Tuesday in Whitewater will be partly cloudy with a high of eighty-six. Sunrise is 5:52 AM and sunset 7:51 PM, for 13h 59m 05s of daytime. The moon is a waning gibbous with 99.4% of its visible disk illuminated.
Whitewater’s Finance Committee meets via audiovisual conferencing at 4:30 PM.
Recommended for reading in full —
The U.S. Census Bureau released its highly anticipated 2020 state population counts Monday, showing Wisconsin with 5,893,718 residents, placing it 20th among the 50 states.
The new apportionment data unveiled by the Census Bureau determines the number of U.S. House seats and the number of Electoral College votes for each state over the next decade.
As expected, the size of Wisconsin’s U.S. House delegation will remain unchanged between now and 2032 at eight seats, even though some other Midwestern states — Michigan, Illinois and Ohio — will lose a seat due to population changes.
Kelly Meyerhofer reports UW-Madison engineering professor who led ‘toxic’ lab will resign this summer:
Akbar Sayeed, a professor in the Department of Electrical and Computer Engineering since 1997, will resign Aug. 1, according to an email sent by department chairwoman Susan Hagness on Monday.
Sayeed’s resignation comes more than four years after the 2016 death of doctoral student John Brady, who left behind a trail of digital evidence documenting the damaging effect Sayeed had on the well-being of students working in his lab.
UW-Madison officials investigated Sayeed’s behavior and found he violated a policy against hostile and intimidating behavior. A university report described the lab’s environment as “toxic.”
The case, first reported by the Wisconsin State Journal in the fall of 2019, brought attention to the power imbalance between graduate students and the faculty advisers who oversee them.
It also brought scrutiny to an administrators’ decision allowing Sayeed to return to UW-Madison in 2020, following a two-year unpaid leave in which he landed a prestigious job working for the National Science Foundation. He was fired from the job after UW-Madison belatedly informed the agency about the circumstances behind his university leave.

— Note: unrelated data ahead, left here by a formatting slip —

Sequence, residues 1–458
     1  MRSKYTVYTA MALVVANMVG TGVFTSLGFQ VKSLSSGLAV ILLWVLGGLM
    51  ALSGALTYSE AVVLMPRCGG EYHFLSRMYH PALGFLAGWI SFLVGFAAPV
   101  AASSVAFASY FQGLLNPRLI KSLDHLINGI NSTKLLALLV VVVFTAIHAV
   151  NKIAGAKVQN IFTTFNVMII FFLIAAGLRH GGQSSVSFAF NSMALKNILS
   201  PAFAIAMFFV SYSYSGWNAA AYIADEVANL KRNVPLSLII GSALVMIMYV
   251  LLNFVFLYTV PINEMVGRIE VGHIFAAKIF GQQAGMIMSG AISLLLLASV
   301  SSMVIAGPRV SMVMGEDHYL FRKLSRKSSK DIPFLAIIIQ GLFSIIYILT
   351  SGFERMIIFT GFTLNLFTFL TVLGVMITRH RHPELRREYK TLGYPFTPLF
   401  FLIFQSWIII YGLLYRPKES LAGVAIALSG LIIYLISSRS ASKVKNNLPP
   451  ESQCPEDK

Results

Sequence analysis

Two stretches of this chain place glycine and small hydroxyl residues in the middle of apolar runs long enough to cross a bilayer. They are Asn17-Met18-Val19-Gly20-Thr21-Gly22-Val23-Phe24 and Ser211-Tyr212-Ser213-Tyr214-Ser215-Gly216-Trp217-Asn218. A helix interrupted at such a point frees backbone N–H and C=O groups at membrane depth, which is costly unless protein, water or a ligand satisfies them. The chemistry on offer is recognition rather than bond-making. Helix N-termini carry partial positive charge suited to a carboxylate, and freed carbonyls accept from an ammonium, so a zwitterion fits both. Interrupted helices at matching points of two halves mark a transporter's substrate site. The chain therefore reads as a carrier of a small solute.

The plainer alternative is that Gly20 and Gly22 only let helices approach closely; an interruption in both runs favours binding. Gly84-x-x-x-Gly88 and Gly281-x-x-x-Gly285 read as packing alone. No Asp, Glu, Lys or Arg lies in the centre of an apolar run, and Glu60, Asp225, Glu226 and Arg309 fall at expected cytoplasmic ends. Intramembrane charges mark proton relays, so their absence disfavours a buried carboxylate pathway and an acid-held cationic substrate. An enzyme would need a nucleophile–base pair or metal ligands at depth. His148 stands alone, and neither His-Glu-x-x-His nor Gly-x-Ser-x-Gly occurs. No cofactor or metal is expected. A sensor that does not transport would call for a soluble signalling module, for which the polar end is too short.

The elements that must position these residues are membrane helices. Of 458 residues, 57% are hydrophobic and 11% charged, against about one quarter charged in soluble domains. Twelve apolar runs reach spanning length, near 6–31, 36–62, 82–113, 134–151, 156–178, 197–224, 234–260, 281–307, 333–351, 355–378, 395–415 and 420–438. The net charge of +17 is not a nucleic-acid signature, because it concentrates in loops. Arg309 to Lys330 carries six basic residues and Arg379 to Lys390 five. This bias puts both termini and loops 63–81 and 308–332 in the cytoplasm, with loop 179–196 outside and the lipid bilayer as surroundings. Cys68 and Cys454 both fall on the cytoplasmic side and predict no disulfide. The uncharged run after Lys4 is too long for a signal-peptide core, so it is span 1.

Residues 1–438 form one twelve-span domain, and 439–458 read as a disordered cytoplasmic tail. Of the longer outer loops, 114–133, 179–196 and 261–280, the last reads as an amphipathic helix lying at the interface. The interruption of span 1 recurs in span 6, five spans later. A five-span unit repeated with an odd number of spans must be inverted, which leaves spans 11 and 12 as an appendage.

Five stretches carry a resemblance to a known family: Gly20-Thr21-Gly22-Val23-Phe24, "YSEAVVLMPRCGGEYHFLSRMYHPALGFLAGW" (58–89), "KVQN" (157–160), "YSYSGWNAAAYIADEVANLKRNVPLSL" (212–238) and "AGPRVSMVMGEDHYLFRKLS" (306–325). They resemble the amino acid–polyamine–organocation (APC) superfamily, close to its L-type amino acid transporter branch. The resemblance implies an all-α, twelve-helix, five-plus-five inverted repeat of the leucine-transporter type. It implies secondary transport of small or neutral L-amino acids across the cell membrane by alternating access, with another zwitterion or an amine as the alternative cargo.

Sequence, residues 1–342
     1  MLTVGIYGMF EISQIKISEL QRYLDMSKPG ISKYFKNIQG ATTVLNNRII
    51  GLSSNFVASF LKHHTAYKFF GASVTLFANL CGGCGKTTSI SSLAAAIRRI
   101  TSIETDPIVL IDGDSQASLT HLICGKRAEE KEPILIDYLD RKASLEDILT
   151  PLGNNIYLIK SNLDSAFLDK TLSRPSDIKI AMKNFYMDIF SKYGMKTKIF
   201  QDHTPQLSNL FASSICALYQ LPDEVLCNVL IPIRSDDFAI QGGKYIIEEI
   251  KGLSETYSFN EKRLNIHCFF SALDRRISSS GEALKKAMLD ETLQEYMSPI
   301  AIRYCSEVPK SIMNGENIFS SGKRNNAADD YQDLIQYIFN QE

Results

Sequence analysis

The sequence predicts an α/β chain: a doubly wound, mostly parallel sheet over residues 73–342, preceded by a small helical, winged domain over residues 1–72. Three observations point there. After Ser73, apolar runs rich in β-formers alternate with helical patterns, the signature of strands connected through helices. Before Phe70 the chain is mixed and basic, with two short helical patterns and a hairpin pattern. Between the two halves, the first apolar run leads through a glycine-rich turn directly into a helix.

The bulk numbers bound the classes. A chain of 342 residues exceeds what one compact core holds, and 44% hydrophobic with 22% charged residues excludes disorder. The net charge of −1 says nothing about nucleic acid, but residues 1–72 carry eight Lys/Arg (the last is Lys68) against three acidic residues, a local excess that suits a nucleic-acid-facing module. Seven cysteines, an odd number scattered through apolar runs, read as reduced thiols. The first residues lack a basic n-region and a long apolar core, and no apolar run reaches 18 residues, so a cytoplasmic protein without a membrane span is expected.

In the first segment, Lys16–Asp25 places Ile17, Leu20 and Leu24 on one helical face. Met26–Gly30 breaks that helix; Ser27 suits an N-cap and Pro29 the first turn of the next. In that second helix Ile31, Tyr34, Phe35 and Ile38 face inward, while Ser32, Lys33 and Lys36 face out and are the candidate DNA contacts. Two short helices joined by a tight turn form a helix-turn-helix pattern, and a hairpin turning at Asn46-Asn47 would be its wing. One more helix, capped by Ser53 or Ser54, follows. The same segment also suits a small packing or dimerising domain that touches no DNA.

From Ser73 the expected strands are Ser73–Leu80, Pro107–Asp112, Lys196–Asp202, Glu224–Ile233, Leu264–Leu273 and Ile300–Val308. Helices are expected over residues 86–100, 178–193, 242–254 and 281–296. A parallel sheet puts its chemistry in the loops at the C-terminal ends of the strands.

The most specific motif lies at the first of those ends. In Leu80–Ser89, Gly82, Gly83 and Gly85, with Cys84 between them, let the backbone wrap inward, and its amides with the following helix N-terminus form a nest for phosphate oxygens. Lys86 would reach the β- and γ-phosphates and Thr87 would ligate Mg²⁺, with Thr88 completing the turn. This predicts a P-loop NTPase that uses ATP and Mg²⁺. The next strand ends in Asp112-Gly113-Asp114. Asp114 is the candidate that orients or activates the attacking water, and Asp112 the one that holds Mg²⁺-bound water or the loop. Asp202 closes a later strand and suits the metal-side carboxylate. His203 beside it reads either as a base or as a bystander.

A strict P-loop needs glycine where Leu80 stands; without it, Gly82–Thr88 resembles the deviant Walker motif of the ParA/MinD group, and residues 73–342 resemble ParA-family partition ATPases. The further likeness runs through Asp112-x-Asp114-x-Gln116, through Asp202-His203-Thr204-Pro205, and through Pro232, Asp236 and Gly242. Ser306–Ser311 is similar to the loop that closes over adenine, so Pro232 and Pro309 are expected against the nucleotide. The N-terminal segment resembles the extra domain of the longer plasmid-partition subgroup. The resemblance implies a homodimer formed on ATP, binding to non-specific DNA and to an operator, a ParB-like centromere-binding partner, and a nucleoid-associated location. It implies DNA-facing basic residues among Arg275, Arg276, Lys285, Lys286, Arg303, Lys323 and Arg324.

Peter Stone reports Republican lawyer is key player in voter suppression drive across US:
It was an abrupt end to two decades as a partner at legal giant Foley & Lardner for the influential and conservative election lawyer Cleta Mitchell.
Days after Mitchell participated in Donald Trump’s controversial 2 January phone call with Georgia’s secretary of state where the then president pressured him to “find” him more votes to reverse Joe Biden’s win, Mitchell resigned her post in the midst of an internal firm review and mounting criticism.
But Mitchell, a combative and top lawyer in the right’s drive to promote unproven charges of sizable voting fraud in 2020 and tighten future voting laws, was not idle for long. She has now emerged in a series of roles that have put her at the heart of what many see as a ferocious Republican push on limiting voting rights that now reaches across America.
Last month, Mitchell was tapped by the libertarian FreedomWorks to spearhead a $10m drive in seven key states including Georgia, Arizona and Michigan to change voting laws to curb potential but unproven election fraud, which many Democrats and legal experts view as aimed at limiting minority votes.
(Note well: if FreedomWorks were ever ‘libertarian,’ it was long years ago; like many other professedly libertarian organizations, it’s controlled by conservative donors.)
(Holly the Goldendoodle enters the competition at 1:40 on the video.)